Archive for June, 2013

This past weekend was the 2013 ARRL Field Day. Field Day encourages amateur radio operators worldwide to get on the air using alternate power or different locations to test emergency preparedness. Both me and my brother Tony were on the air with our local clubs. The Gator Amateur Radio Club (GARC) teamed up with the Gainesville Amateur Radio Society (GARS) for Field Day here in Florida. Tony worked Field Day from Ohio. In addition to using the club radios and antennas, I also tested out my MagLoop and Icom 706MKII. I worked 2 contacts on digital with just 40 watts. Considering I was hoping to use it with QRP power levels (less than 10 watts), I was quite pleased to get 40 watts out of it. It could probably go higher, but I do not want to arch across my capacitor. Below are a few pics from our setup in Florida and of the loop in action. Enjoy!

Photo Credit: Sam K4ZVD

Photo Credit: Sam K4ZVD

The loop was easy to tune with the help of the MFJ antenna analyzer. I need to improve my ability to tune based on sound, although it is pretty to get it close. It was just outside the tent (you can kind of see some of the copper in the picture).

Photo Credit: Sam K4ZVD

Photo Credit: Sam K4ZVD

We were all impressed with the low noise and excellent performance of the loop antenna. It got quite a bit of attention from both club members and the general public.

Photo Credit: Sam K4ZVD

Photo Credit: Sam K4ZVD

The American and Gator flags flying high above our beam! Go Gators!

Photo Credit: Sam K4ZVD

Photo Credit: Sam K4ZVD

The members of the Gator Amateur Radio Club at Field Day: (from left to right) Ronnie, Andy, Jeff, and Sam (taking the picture).

The next few are from my phone. It took really nice pictures, even at night. (I have a Nokia Lumia 928.)

Gator Tower and LoopW4DFU Tower and my loop in the foreground.

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Florida State EDICS Trailer and Tower in the background.

Gator Tower at night

At night, the towers were up lit and looked really cool!

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So the Magloop I posted about earlier was hard to tune. The problem? I cannot turn the dial in small enough increments. After some discussion on the MagLoop email chain, it was suggested I gear it down by about 50. Now Field Day is less than 24 hours from now and I am short on supplies. However, as many of my readers know, I do a lot with LEGO, from Robots to large scale models. I had a few gears on hand and made a 48:1 gearbox.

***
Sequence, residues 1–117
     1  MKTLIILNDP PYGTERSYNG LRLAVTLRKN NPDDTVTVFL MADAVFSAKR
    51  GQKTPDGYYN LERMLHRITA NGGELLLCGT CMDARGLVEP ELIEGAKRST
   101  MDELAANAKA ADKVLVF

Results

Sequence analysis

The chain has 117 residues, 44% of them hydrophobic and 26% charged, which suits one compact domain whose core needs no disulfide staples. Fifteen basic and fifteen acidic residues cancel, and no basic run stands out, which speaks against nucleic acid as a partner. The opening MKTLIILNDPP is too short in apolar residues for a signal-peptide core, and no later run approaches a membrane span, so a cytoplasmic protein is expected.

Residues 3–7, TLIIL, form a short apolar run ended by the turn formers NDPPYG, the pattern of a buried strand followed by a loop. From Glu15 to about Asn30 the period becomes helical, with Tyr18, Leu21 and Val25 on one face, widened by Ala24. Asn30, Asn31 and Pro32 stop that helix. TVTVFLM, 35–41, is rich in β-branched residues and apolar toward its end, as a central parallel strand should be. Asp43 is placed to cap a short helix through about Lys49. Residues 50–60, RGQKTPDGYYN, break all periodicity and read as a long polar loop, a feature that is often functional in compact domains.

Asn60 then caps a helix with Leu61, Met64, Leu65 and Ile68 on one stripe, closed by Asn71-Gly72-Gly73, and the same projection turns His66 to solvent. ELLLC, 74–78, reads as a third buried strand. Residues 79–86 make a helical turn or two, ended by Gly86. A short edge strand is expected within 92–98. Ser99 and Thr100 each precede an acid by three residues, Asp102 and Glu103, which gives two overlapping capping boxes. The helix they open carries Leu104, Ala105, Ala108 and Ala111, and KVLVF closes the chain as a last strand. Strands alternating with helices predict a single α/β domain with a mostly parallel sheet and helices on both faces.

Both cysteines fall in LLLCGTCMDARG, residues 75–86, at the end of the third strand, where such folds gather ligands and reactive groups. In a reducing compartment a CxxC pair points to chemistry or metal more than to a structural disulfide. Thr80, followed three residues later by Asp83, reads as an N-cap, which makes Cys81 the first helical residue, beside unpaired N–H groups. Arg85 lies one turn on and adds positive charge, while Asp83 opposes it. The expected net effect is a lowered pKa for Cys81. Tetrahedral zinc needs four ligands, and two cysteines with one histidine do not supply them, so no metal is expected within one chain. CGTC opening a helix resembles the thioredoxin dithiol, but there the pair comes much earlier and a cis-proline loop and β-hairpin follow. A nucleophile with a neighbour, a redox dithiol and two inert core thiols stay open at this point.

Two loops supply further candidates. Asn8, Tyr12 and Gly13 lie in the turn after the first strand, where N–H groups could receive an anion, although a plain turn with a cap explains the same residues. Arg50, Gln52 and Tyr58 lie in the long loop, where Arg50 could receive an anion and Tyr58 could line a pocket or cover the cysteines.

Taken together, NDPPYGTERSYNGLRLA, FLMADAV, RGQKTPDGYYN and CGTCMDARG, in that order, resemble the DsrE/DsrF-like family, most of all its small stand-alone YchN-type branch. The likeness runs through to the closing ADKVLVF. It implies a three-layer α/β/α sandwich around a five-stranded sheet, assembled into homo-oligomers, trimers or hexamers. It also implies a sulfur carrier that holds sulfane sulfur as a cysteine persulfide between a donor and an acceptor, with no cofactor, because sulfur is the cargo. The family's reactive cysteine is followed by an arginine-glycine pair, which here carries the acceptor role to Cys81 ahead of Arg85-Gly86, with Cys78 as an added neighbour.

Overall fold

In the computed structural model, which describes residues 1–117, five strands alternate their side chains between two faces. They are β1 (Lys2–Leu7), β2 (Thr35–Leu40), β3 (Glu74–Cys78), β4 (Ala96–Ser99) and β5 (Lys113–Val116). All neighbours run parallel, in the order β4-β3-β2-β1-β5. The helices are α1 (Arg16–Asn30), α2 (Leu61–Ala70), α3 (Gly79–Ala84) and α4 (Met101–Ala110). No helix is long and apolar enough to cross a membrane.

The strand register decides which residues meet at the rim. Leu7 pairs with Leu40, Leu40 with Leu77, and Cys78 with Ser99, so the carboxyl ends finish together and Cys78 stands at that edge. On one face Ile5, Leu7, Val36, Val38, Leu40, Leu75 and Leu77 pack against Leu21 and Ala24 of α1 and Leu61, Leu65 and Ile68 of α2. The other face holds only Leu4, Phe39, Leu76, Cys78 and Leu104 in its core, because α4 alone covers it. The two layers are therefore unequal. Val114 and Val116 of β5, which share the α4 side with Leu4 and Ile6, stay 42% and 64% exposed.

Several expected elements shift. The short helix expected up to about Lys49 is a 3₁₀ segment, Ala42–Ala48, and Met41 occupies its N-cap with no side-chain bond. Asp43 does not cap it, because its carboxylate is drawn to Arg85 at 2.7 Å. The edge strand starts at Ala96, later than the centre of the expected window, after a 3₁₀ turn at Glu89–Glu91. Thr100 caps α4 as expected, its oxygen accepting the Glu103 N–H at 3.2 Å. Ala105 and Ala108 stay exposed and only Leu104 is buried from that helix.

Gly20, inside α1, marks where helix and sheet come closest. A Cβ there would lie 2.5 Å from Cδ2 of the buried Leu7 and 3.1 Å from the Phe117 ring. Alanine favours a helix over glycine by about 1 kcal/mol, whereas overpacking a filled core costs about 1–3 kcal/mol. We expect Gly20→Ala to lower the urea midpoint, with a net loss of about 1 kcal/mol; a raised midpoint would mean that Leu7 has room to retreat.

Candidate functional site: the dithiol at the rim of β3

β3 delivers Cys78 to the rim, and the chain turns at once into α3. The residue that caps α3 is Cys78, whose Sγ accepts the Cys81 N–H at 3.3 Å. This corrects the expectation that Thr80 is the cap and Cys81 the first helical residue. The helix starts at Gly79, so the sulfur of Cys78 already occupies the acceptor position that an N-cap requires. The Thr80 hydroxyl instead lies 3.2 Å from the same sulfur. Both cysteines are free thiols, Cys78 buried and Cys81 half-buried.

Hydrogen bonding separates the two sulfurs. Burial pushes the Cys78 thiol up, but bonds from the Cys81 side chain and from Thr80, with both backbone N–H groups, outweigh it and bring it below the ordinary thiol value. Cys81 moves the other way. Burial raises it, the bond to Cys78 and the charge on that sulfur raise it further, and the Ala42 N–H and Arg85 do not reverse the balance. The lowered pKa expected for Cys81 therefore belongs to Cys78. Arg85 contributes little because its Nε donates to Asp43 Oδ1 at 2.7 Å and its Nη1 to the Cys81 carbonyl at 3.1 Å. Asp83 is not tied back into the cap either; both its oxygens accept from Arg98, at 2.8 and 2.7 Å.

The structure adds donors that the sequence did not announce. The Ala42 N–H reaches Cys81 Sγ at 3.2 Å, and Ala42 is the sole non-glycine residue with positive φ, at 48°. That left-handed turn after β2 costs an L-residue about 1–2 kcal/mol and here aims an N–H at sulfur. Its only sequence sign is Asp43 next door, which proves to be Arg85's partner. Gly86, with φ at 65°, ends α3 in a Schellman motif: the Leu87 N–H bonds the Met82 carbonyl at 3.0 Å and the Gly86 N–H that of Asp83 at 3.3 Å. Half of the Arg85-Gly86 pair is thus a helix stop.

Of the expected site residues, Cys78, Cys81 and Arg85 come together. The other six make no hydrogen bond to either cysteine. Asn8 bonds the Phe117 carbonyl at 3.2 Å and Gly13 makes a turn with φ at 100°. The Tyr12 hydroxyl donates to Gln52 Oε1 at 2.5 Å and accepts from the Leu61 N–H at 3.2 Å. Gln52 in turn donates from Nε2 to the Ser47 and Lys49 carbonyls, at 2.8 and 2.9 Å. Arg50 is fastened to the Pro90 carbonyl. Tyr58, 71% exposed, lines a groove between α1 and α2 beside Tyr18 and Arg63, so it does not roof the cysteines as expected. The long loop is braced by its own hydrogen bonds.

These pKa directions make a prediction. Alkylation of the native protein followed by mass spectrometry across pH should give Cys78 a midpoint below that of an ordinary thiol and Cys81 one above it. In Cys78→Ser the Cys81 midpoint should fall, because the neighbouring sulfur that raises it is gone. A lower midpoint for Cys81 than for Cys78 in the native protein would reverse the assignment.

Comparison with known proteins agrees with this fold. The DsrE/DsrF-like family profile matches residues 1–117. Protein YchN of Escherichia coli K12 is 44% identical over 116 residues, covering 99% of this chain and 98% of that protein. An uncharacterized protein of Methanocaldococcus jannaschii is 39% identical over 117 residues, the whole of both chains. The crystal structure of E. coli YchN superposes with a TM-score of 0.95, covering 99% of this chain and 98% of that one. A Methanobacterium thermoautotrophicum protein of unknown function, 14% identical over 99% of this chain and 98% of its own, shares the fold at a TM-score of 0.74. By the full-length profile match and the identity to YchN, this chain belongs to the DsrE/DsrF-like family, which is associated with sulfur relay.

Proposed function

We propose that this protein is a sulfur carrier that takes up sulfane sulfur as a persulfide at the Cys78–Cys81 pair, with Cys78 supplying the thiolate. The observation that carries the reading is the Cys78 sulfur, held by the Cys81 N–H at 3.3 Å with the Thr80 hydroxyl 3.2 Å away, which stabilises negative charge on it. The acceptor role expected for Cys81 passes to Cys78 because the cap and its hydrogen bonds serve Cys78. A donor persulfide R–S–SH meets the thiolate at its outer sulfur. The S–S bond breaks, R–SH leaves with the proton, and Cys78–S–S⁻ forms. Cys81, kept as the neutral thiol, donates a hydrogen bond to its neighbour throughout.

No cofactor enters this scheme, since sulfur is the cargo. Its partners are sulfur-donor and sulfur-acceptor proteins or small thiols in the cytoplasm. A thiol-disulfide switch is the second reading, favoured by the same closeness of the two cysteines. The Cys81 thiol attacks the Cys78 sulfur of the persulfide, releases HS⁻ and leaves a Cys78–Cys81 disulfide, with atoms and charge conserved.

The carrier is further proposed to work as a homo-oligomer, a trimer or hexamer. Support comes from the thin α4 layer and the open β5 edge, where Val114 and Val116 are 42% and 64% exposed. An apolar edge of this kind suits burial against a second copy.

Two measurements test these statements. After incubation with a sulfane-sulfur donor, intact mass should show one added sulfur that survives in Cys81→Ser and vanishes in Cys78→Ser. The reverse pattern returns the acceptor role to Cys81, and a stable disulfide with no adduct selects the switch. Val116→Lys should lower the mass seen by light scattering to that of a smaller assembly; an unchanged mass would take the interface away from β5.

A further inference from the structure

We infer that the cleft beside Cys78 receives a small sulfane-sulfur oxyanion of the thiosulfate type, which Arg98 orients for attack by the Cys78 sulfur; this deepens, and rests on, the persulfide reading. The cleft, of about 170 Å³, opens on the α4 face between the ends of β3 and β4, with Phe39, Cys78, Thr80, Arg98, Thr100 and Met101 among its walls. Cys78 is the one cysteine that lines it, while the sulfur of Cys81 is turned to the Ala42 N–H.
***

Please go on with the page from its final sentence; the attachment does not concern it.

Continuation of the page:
To get started I attached an axle (along with a gear for stability) to the shaft of the air variable capacitor. I did this simply with 5 minute epoxy. I added some more after it dried so it would be stronger.

WP_20130621_001The next step was to mount the gearbox. I removed the 48 tooth gear. To keep it flexible, I only attached one of the frames (the top one in the picture below) to the air variable capacitor. The rest of the gearbox is held together the same way as any other LEGO Technic model.

WP_20130621_003I took off the bottom part of the gearbox and slipped on the 48 tooth gear. Note that the handle seen in the picture below is attached to a worm gear. The picture below shows the completed gearbox assembly. It does add some overall length to the assembly, but I was able to tune up just fine. There is some slip in the gear-train, but the steps are so small that it doesn’t appear to be an issue.

WP_20130621_005Below is a close up of the gearbox. It turned out really well and I can’t wait to be on the air tomorrow with my new, functional, easy-to-use MagLoop! This very well might be the first time LEGO products have ventured into amateur radio. Following Field Day, I am going to expand the system to include an EV3. This would allow for even better accuracy using the encoded motors, attached to the gearbox.

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Been a while since I lasted posted, but I have been super busy! My latest project is a magnetic loop antenna. This past fall I got my amateur radio license. My callsign is KK4LWR and I am an Amateur Extra Class operator. I run an Icom 706MKII.

Anyways, back to the loop. I live in an apartment and space is limited. To counter this I have been looking at magnetic loop antennas (magloop). A Magloop is an electrically small loop antenna. The loop is feed by a smaller loop connected to the coax and the large loop has a capacitor to tune it for various frequencies.

I found an air variable cap on ebay for $18 and it has a range between 15 and 260 pF.

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Once I got the cap I went to Lowes and picked up some copper tubing. I bent it into a circle and then soldered and crimped some wires on the end to attach to cap.

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I had some scrap material that I used to mount the loop and cap to. Using zip ties I was able to mount the loop and cap.

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For the coupling loop, I used some 8 gauge wire my grandfather game me and connected it to an SO239 connector as seen below.

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Once all the parts were constructed, I attached it to a PVC pipe and placed it in a mount. The mount is a steel pipe in cement. I am planning to use this on my Cushcraft R7 that I am working on getting up and running again. As you can see below, the loop is quite small and I am able to tune it to a SWR of 1.1:1 or better on 20, 30, and 40 meters. I plan to take it out for field day this weekend. Only thing left to do is add some gearing to the cap so it is easier to tune. Right now it is very hard to get it right on a signal. I will post more as I get it on the air.WP_20130620_002